Soldiers and Ghosts: A History of Battle in Classical Antiquity
Niesen, Paul, Air & Space Power Journal
Soldiers and Ghosts: A History of Battle in Classical Antiquity by J. E. Lendon. Yale University Press (http://www.yale.edu/yup), P.O. Box 209040, New Haven, Connecticut 06520-9040, 2q005, 480 pages, $35.00 (hardcover), $20.00 (softcover).
Once upon a time, there was an ad campaign promoting public libraries, the theme of which declared 'You Are What You Read." This promotion emphasized the idea that increasing the amount of material read would mold anyone into a better educated and more productive person. Nothing could illustrate this concept more effectively than using ancient Greece and Rome as role models. J. E. Lendon's book Soldiers and Ghosts, a far cry from a fairy tale or an ad campaign, gives the reader a very thorough appreciation for why these two cultures' military forces became what they read. Across the pages of both Greek and Roman history, he decisively shows us that neither culture suffered from a shortage of reading and that both had ample opportunity to employ what they read.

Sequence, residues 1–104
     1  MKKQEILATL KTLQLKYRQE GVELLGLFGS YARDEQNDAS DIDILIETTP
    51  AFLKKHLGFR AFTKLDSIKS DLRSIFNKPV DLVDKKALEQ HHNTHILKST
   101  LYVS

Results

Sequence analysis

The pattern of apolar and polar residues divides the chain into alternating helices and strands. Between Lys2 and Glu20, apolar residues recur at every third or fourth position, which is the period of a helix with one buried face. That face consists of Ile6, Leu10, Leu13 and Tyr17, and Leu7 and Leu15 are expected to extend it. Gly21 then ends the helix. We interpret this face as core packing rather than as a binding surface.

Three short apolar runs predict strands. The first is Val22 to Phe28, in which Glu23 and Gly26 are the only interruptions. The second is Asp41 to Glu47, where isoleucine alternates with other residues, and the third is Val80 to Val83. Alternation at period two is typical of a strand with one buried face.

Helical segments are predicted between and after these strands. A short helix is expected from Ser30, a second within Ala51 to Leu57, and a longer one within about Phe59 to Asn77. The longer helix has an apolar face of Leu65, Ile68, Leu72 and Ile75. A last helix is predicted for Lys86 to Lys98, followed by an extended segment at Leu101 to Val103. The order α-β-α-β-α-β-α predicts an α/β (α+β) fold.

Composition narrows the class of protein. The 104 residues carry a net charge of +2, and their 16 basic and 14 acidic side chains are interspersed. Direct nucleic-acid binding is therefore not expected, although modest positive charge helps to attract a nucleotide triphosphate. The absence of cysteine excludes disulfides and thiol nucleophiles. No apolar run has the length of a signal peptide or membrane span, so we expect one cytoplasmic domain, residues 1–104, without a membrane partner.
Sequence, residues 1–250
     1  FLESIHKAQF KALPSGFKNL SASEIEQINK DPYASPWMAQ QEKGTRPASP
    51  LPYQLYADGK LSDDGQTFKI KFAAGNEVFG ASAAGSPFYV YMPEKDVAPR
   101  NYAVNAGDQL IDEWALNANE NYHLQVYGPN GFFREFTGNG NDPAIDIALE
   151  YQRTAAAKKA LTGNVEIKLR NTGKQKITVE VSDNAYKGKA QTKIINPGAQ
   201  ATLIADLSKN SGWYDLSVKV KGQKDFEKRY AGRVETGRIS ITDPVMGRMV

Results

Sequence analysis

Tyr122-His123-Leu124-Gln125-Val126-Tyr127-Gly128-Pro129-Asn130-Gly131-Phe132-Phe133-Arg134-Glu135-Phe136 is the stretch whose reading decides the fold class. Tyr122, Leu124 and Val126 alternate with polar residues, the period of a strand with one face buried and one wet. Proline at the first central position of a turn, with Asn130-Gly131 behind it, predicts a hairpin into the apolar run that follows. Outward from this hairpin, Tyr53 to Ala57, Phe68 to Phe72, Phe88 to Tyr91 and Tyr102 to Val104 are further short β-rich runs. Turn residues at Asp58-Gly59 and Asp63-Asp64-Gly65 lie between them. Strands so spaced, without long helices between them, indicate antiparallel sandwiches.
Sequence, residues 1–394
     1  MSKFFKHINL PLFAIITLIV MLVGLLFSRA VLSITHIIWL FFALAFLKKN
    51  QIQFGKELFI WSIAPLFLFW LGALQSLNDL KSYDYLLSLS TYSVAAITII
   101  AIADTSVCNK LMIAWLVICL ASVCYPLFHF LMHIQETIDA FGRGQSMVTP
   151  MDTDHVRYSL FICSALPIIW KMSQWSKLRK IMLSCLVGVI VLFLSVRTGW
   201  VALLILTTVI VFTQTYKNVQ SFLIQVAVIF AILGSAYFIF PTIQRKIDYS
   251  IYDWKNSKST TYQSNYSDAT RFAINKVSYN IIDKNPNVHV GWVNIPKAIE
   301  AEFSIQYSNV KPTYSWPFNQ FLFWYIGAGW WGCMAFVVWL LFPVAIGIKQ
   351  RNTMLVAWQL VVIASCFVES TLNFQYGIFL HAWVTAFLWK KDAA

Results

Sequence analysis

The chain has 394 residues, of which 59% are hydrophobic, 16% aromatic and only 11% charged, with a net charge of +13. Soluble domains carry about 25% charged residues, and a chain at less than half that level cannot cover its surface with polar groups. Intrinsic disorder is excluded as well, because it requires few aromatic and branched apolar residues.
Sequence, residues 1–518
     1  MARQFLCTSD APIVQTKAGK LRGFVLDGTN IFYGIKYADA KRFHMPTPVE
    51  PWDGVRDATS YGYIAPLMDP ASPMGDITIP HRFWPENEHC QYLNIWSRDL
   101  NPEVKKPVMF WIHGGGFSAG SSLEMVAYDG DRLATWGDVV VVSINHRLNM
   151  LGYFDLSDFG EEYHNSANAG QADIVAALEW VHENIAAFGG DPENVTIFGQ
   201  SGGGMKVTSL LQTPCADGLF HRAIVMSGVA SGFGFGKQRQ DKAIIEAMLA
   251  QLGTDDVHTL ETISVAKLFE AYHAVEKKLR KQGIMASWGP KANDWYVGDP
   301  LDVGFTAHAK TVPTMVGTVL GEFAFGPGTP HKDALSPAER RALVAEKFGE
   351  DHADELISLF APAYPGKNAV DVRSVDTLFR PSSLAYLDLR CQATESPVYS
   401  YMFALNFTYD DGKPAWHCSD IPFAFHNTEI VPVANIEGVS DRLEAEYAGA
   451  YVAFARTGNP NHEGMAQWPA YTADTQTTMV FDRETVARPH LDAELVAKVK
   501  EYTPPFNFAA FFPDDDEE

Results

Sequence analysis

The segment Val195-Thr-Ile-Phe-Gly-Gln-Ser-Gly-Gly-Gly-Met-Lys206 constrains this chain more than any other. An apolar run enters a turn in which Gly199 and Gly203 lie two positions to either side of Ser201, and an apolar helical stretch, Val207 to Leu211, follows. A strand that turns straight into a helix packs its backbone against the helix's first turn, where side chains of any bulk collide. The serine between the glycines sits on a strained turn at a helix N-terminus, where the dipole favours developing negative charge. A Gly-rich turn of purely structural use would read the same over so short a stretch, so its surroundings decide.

Lendon starts with a review of the Greeks' military culture and mind-set-an important introduction because it sets the historical stage for the entire book. Noting that the ancient Greeks based many of their warrior principles upon The Iliad, written around 700 BC, he stresses that a number of historians refer to the Homeric poems as the bible of the Greeks (p. 36). Lendon further observes that the Greeks based their warrior principles not so much on the military discipline and order familiar to modern warriors but on the characteristics of a sports team. That is, war became a competition, with the contestants battling more for recognition as the bravest or most glorious (as in The Iliad) than because their general ordered them to fight.
This mind-set plays throughout Greek military history-from the Spartan philosophy and culture of conduct in warfare-and culminates with a discussion of Alexander the Great's campaign to the Middle East (itself Homeric in proportion and deed). It also plays into the use and evolution of Greek military formations from 500 BC into early 200-300 AD. Technology seldom drove changes in the Greek method; in fact, the Greeks had forsaken advances in military technology in favor of implementing interpretations of historical writings and discussions over "the right way" to conduct war and behave in it.
Through this review of history and analysis of Greek writings, Lendon shows the reader how the Greek military philosophy operated, why it operated the way it did, and the natural conclusions of this track. Choosing not to concern itself solely with the military side of affairs, Soldiers and Ghosts also explores the civilian and political connections of Greek society since the Greeks initially believed in a citizen-soldier as much as Americans do (but in a somewhat different context). …